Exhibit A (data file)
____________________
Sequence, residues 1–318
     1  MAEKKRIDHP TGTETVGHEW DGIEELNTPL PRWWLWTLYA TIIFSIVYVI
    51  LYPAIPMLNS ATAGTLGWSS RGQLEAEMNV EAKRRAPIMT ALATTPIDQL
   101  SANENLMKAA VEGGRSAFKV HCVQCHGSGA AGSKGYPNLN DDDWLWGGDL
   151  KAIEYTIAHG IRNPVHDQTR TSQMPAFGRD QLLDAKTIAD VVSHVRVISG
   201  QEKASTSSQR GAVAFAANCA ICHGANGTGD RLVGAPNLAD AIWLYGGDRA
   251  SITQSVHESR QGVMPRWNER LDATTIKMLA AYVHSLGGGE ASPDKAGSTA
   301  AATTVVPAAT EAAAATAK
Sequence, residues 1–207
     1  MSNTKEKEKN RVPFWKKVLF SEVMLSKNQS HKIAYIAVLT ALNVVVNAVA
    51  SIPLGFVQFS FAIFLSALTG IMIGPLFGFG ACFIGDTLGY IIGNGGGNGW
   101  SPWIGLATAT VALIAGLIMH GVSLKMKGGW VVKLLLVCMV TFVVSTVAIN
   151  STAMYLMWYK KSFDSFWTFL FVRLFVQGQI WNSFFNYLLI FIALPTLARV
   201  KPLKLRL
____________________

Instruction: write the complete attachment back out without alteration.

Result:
Sequence, residues 1–318
     1  MAEKKRIDHP TGTETVGHEW DGIEELNTPL PRWWLWTLYA TIIFSIVYVI
    51  LYPAIPMLNS ATAGTLGWSS RGQLEAEMNV EAKRRAPIMT ALATTPIDQL
   101  SANENLMKAA VEGGRSAFKV HCVQCHGSGA AGSKGYPNLN DDDWLWGGDL
   151  KAIEYTIAHG IRNPVHDQTR TSQMPAFGRD QLLDAKTIAD VVSHVRVISG
   201  QEKASTSSQR GAVAFAANCA ICHGANGTGD RLVGAPNLAD AIWLYGGDRA
   251  SITQSVHESR QGVMPRWNER LDATTIKMLA AYVHSLGGGE ASPDKAGSTA
   301  AATTVVPAAT EAAAATAK
Sequence, residues 1–207
     1  MSNTKEKEKN RVPFWKKVLF SEVMLSKNQS HKIAYIAVLT ALNVVVNAVA
    51  SIPLGFVQFS FAIFLSALTG IMIGPLFGFG ACFIGDTLGY IIGNGGGNGW
   101  SPWIGLATAT VALIAGLIMH GVSLKMKGGW VVKLLLVCMV TFVVSTVAIN
   151  STAMYLMWYK KSFDSFWTFL FVRLFVQGQI WNSFFNYLLI FIALPTLARV
   201  KPLKLRL